The equatorial plane, often referred to as one of five main circles of latitude (also called great circles), circumnavigates a planet like Earth and marks the point at which Sun rays perpendicularly strike its surface during spring and fall equinoxes, when day and night have equal duration. Furthermore, this point marks where rotation axis meets plane of orbit to form what is known as the equatorial plane (one of five great circles).
Mars takes two times longer to orbit the Sun than Earth, leading to drastic differences in insolation across its surface. This explains why southern summers are so hot and dry while northern winters remain bitter cold – another contributing factor being planet tilt.
As with Earth, Mars features an axial tilt of roughly 25 degrees that causes its seasons. But unlike on Earth, Mars’ tilt is unstable; it wobbles roughly once every 120,000 years according to University of Hawaii’s Astrobiology Institute and this fluctuation alters how much sunlight reaches Mars’ surface.
Current estimates put Mars’ obliquity (tilt of its axis relative to its plane of orbit) at about 24.4 degrees, similar to Earth. This may reflect Moon’s gravitational pull as well. But in early Solar System times, its tilt may have been much greater.
Astronomers from University of California, Los Angeles conducted research into the chemical composition of Mars rocks to understand its changing climate over time. They observed a layered surface similar to tree rings on Mars that suggests its climate may have shifted over time. Furthermore, authors examined layers of rock covering polar ice caps which had eroded away and slumped over time, hinting that they once provided much warmer and wetter climate conditions than now exist.
Mars’ obliquity has undergone considerable fluctuations over the course of our Solar System’s history, reaching values higher than 25 degrees at times in its past. If this is indeed the case, this could help explain why large reservoirs of water ice were discovered at mid-latitudes rather than only at its poles.
The northern plains
The northern plains are an expansive region formed of alluvial deposits brought to Earth by rivers like Indus, Ganges and Brahmaputra and their tributaries, and home to numerous lakes including one of the largest freshwater bodies on Earth known as Great Rann of Kutch. Not only are they an invaluable source of fresh water but they are also home to fossil-rich soil that has made the northern plains an important site for research on Mars – specifically searching for evidence of life on that red planet.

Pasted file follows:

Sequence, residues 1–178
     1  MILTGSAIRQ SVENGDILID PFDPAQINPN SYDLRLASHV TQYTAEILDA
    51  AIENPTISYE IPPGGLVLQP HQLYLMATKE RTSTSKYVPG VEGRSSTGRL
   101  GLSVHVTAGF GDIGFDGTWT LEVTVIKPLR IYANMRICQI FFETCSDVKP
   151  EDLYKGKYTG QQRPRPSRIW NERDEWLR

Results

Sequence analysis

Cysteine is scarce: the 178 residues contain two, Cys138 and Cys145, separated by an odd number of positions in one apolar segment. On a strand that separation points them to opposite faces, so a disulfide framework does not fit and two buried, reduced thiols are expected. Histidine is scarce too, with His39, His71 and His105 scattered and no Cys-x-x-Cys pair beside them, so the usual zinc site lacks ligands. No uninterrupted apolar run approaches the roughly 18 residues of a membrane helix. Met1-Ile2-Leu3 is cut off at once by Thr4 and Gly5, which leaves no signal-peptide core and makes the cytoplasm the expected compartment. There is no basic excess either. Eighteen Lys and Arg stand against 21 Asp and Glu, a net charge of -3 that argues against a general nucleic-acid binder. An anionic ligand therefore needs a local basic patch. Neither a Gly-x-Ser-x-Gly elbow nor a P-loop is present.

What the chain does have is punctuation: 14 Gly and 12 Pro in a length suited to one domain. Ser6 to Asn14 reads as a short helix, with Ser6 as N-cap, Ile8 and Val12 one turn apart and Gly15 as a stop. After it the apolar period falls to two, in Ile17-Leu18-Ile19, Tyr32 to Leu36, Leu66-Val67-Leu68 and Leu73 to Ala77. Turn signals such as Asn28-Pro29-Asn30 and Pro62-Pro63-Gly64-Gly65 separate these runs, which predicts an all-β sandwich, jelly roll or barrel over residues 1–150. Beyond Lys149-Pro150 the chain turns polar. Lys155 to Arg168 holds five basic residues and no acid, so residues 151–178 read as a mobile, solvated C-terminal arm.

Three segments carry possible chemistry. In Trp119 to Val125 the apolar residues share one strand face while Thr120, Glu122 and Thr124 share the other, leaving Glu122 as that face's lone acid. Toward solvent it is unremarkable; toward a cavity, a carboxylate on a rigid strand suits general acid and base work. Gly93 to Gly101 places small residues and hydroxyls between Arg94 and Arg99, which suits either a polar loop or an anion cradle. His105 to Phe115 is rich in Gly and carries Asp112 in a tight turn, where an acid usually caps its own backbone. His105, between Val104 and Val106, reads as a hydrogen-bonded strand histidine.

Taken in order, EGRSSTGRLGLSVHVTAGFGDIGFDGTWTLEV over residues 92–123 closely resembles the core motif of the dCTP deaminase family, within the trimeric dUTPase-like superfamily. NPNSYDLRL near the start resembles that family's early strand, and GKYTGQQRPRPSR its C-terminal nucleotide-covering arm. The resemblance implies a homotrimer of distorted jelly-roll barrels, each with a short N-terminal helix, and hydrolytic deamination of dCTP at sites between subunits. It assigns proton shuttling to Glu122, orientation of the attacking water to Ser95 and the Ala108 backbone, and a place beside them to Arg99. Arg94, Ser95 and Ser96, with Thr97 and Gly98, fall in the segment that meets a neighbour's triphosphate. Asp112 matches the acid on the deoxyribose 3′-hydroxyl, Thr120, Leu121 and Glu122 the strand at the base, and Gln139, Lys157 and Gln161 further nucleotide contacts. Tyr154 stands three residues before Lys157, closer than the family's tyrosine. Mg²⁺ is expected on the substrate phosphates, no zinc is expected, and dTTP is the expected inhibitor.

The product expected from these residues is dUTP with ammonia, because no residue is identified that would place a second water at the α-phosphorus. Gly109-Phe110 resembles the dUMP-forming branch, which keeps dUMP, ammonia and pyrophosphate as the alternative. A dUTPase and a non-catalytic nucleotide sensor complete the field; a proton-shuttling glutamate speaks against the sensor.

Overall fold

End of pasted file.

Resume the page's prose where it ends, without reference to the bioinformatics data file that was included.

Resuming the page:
Mars experiences climate changes over time due to both its tilted axis and longer orbit around the Sun than Earth does, leading to different seasons, with southern summers being shorter and warmer than northern winters.
Astronomers now understand that Earth’s present lopsidedness is caused by its past tilt being much greater, which led to vast underground reservoirs of ice formed throughout its mid latitudes as opposed to just at its poles.
Mars currently exhibits an obliquity (tilt relative to its orbital plane) of approximately 25 degrees; not too dissimilar from Earth’s 23 degree tilt. This angle causes its seasons and polar ice caps.
Few tens of millions of years ago, Mars was at roughly 60 degrees of obliquity – joining Uranus and Pluto as one of only three planets that lay “sideways”.
At one point in time, Mars’ polar ice caps were considerably larger than they are now and its air pressure much higher; liquid water could form and flow freely on their surfaces. When the obliquity cycle reversed and their size began to diminish, air pressure dropped as water in the ice sublimated back into vapor form before refreezeing, causing its volume to shrink while liquid water sublimated out, leading to less accumulation on surfaces while sublimation also took place and sublimated back out causing further shrinkage of polar ice caps while its liquid water eventually sublimated out before refreeze caused further diminution as sublimation caused water sublimate back into vapour before refreeze again causing further shrinkage whilst increasing surface area with less space available for liquid water accumulation on surfaces before.
Scientists have observed this process time after time on Mars, leading to its distinctive seasonal changes. Scientists have monitored this cyclical climate change using evidence found from rocks and soil samples collected on its surface; in particular they studied rock layers at Becquerel Crater which have evidence of sedimentary rocks laid down over 100,000 years, suggesting climate fluctuations triggered by changes to its orbital obliquity cycle were involved in their formation.